Global Water WS-Series Portable Samplers

The Global Water WS700 portable sampler combines all the features needed to meet a wide variety of water sampling requirements, including those for stormwater, industrial discharge, water and wastewater treatment, rivers, and streams.

Features

  • Can be configured for time-based or flow proportional samples
  • Rugged construction for harsh environments
  • Automatic backflush clears pickup strainer and hose
List Price $1,968.75
Starting At $1,870.31
Stock 1AVAILABLE

Overview
Global Water's WS700 single bottle and WS750 dual bottle samplers combine all the features needed to meet a wide variety of sampling requirements, including those for Stormwater, rivers and streams, industrial discharge, water and wastewater treatment and wastewater collection.

Enhanced Options
The WS705 and WS755 models provide the exact same functionality as their counterparts but are equipped with enhanced portability accessories, such as more ergonomic handles and durable wheels.

  • WS-Series portable sampler
  • 15’ of sampling hose
  • Intake strainer for each pump
  • Sampler Float Switch
  • 2.5 gallon polybottle for each pump (WS700, WS705)
  • 1 gallon polybottle for each pump (WS750, WS755)
  • Rechargeable battery
  • Battery charger
Questions & Answers
No Questions
Please, mind that only logged in users can submit questions

Select Options

  Products 0 Item Selected
Image
Part #
Description
Price
Stock
Quantity
Global Water WS-Series Portable Samplers
CU0000
WS700 portable sampler, one pump with one 2.5-gallon bottle
$1,870.31
1 Available
Global Water WS-Series Portable Samplers
CL0500
WS700-IBO portable sampler with ice bag, one pump with one 2.5-gallon bottle
$1,945.13
Check Availability  
Global Water WS-Series Portable Samplers
CU1000
WS705 portable sampler, one pump with one 2.5-gallon bottle
$1,940.14
Check Availability  
Global Water WS-Series Portable Samplers
CT0000
WS750 portable sampler, two pumps with two 1-gallon bottles
$2,092.76
Check Availability  
Global Water WS-Series Portable Samplers
CT1000
WS755 portable sampler, two pumps with two 1-gallon bottles
$2,419.44
1 Available
  Accessories 0 Item Selected
Notice: At least 1 product is not available to purchase online
×
Multiple Products

have been added to your cart

There are items in your cart.

Cart Subtotal: $xxx.xx

Go to Checkout

In The News

Treating Harmful Algal Blooms: A Natural Progression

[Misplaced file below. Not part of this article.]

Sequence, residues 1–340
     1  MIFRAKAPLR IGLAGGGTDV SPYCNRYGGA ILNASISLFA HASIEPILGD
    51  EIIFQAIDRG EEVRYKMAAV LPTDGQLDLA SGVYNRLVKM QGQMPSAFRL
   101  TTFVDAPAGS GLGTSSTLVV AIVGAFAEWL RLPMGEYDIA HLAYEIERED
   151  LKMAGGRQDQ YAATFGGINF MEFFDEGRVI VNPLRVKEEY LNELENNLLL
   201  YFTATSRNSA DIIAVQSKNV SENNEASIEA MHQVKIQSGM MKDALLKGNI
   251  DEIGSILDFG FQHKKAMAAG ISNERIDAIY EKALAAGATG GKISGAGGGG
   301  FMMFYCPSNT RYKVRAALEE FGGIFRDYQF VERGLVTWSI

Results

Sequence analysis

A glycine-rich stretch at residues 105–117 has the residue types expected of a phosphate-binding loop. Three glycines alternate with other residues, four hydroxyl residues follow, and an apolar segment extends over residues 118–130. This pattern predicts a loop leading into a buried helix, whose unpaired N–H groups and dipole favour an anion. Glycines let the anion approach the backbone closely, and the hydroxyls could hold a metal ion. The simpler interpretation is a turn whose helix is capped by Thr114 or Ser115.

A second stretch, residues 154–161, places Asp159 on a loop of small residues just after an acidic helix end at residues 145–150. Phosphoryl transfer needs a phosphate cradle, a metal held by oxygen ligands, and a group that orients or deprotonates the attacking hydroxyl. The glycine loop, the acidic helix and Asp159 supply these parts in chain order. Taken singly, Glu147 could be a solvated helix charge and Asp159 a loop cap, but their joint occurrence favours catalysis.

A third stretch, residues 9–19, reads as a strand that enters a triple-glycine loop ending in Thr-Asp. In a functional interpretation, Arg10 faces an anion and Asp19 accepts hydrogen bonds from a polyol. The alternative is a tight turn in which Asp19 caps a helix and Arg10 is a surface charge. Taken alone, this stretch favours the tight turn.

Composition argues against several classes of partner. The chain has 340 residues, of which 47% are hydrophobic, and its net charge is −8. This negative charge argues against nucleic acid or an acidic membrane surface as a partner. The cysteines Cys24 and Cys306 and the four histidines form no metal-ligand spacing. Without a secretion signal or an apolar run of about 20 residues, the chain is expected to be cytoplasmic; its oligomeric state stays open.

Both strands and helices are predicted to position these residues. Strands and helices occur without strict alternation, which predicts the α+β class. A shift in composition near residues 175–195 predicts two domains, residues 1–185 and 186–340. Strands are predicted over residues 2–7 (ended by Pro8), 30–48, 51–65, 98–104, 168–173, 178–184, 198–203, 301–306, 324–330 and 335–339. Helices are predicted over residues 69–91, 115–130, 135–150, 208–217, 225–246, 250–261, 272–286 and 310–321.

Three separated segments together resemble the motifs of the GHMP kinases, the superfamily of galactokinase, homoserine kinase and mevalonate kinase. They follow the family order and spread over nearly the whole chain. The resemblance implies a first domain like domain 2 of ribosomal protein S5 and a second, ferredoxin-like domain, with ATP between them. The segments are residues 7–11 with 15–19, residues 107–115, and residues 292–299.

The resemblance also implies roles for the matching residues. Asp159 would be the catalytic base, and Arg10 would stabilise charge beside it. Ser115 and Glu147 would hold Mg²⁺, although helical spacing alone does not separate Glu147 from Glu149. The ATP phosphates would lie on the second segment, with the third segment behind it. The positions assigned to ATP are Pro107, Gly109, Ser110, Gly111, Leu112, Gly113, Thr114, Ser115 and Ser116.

Some of us happen upon the subject of our life’s work by accident, some of us are born into it, and some of us ease into it over time. For Tom Johengen, Research Scientist for Cooperative Institute for Great Lakes Research (CIGLR) and Director of Michigan Sea Grant , choosing to study Harmful Algal Blooms (HAB) was “a natural progression” from his days as a grad student investigating best management practices for controlling nonpoint source nutrient pollution. “I’ve been the research scientist with CIGLR since my postdoc in 1991, 31 years, and I’ve been the Director of Michigan Sea Grant for the past 3 years. When I began my postdoc with CIGLR we were just starting to study the impacts of the recently invaded zebra mussels.

Read More

The Coevolutionary Arms Race: Fungus-Growing Ants and Social Parasites

Despite the negative stereotypes surrounding social parasites, Rachelle Adams, Assistant Professor at The Ohio State University, knows just how important host-parasite relationships are to evolution. Like many ecologists, Adams, Assistant Professor at The Ohio State University, found her passion for nature in childhood. “It began when I was a kid. I had this general interest of nature, and I loved to spend time in the forest, exploring,” she recalls. Her desire to work with wildlife was solidified in college. “I didn’t know exactly what direction I was going to head in but the ecology and evolution classes I took were really central to shifting my perspective on ‘what is biology.’ It opened my eyes to seeing nature in a different way,” she explains.

Read More

Coral Resilience: Determining the Fate of Coral in a Changing Climate

It’s no secret that the Great Barrier Reef is dying, as are many beautiful reefs created by coral all over the world. Excessive heat and ocean acidification have taken their toll. But Andréa Grottoli, distinguished professor of earth sciences at The Ohio State University, President of the International Coral Reef Society, Director of the Coral Bleaching Research Coordination Network, and a Fulbright Fellow, believes that all is not lost. Grottoli has found that the fate of coral is tied to one characteristic: its resilience. “In my 20s, I decided I wanted to work on a problem to improve the world,” she recalls.

Read More